NORTH CAROLINA—“Beach Baby,” an essay by Wilmington writer Jillian Weiss, has won First Prize in the 2015 Rose Post Creative Nonfiction Competition.

Author Jason Frye, the judge of this year’s contest, said, “The structure of 'Beach Baby' drives the essay—each section pulls you one to the other, and even when it seems to divert, it circles back on itself quite artfully.

“As the essay progresses, it grows in its complexity: a misheard message, the death of a sister, the hole in the heart, jealousy (very complex, but gracefully handled), Down Syndrome, the meaning of the name ‘Jennifer,’ and the ruination of—or perhaps miracle of—Christmas. Simply put, it’s a beautiful piece that gets to the complex heart of trying to make known the unknowable.”

A Winston-Salem native who spent most of her adolescence in London, Weiss returned to North Carolina in 2008 to study at Elon University. A former creative writing instructor for Duke University’s Talent Identification Program, she is currently an MFA candidate at the University of North Carolina at Wilmington, where she is writing a collection of essays about her life as a missionary kid in West London.

Sponsored by the North Carolina Writers’ Network and administered by the creative writing department at UNC Wilmington, the Rose Post Creative Nonfiction Competition encourages the creation of lasting nonfiction work that is outside the realm of conventional journalism. The contest is open to any legal resident of North Carolina or member of the NC Writers’ Network. First-, second-, and third-place winners receive $1,000, $300, and $200, respectively, and the winning entry is considered for publication in the magazine Southern Cultures.

Beth Browne of Garner won Second Place for her essay “What My Father Kept.” In addition to working as associate editor for The Main Street Rag Publishing Company, Browne manages a large farm, homeschools her two teens, and sails the NC coast with “her sweetie, Eric.” She has served on the boards of the North Carolina Poetry Society and the South Carolina Writers’ Workshop.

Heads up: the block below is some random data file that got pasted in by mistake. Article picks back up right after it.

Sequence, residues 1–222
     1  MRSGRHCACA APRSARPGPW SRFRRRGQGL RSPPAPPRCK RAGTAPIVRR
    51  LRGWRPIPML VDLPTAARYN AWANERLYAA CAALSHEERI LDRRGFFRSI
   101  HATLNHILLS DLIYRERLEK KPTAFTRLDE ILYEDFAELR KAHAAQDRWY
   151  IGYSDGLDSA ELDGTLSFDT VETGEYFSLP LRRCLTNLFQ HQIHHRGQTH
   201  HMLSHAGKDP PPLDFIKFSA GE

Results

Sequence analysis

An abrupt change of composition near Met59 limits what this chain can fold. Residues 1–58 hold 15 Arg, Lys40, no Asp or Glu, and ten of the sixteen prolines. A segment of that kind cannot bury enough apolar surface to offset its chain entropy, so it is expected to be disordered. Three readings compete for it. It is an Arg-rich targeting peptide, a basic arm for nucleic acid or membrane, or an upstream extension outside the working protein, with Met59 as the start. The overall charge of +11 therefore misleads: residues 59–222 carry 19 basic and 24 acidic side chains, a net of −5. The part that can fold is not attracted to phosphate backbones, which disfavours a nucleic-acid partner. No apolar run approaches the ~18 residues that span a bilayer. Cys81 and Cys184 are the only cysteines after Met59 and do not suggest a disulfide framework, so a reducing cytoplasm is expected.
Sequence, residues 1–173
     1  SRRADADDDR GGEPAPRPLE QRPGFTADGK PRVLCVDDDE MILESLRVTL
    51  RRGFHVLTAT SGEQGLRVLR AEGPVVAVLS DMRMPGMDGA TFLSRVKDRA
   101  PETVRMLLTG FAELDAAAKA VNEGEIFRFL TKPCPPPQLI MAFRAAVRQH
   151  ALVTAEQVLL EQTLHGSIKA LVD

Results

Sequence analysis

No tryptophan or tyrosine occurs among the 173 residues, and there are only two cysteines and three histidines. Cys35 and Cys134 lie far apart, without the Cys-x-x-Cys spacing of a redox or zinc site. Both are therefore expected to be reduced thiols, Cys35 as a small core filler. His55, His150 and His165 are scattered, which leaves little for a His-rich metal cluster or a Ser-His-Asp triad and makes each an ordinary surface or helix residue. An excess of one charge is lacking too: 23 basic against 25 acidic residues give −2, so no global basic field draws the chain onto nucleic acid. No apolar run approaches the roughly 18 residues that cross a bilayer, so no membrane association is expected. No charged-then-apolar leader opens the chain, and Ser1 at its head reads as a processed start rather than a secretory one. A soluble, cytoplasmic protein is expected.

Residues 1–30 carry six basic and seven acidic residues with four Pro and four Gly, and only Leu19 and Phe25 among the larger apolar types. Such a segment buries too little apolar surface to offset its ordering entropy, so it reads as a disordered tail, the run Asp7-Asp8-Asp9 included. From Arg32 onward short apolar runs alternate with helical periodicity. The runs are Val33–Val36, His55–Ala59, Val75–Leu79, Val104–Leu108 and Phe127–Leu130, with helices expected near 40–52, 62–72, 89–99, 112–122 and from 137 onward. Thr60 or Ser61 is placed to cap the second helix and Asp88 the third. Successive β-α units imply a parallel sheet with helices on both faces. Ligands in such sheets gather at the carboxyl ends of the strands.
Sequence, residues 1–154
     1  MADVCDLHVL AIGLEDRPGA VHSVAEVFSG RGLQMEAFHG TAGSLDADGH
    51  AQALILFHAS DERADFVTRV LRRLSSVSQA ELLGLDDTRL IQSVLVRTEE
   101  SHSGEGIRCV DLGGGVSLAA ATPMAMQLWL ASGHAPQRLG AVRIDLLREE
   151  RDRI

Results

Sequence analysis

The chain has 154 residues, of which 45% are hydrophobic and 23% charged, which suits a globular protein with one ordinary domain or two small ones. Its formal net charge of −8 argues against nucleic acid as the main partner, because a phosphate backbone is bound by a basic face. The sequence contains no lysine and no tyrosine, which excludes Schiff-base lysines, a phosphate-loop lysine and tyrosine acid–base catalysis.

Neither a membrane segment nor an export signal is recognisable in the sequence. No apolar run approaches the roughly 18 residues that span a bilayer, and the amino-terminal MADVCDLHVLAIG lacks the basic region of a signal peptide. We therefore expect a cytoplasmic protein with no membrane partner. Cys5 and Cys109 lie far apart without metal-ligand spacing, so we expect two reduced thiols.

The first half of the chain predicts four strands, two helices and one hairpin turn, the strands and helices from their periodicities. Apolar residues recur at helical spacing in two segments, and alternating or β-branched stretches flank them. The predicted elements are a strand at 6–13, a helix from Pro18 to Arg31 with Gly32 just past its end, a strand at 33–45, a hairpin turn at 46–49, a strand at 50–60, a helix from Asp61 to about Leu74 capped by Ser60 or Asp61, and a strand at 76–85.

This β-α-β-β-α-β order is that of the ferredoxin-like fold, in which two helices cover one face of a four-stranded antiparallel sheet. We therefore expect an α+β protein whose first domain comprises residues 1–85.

“‘What My Father Kept’ takes a tight look at the individual and gets into depths the short story cannot. As such, the essayist is able to create a picture of her father and give readers insight into him, all while building mystery into it,” Frye said. “It’s that mystery that intrigues me. A very strong piece, it made me want to catalogue my grandfather’s garden shed and see what I might learn there.”

Durham’s Robert Wallace won Third Place for his essay “Where’s Jack Kevorkian?”

“‘Where’s Jack Kevorkian?’ grabs me from the opening line,” Frye said. “This essay is close to perfect.”

Robert Wallace has received an Emerging Artist grant from the Durham Arts Council, and a Writer’s Fellowship from the NC Arts Council. He has had fiction and nonfiction published in various journals and newspapers, and writes a monthly column for the News & Observer. His story "As Breaks the Wave upon the Sea" was the 2010 winner of the Doris Betts Fiction Prize.

Frye also named “Common Prayer” by Jane Andrews and “Moonshine Manhattan” by Agnes Stevens as Honorable Mentions.

Jason Frye is a travel, culinary, and culture writer from Wilmington. After his first experience with North Carolina—a family vacation to the Outer Banks—he felt drawn to the state. He moved here in 2002 to attend UNC-Wilmington and pursue his Masters of Fine Arts in Creative Writing; after graduating in 2005, he stayed and began to explore the state through the lens of a poet, essayist, journalist, culinary critic, and travel writer.

The nonprofit North Carolina Writers’ Network is the state’s oldest and largest literary arts services organization devoted to writers at all stages of development. For additional information, visit www.ncwriters.org.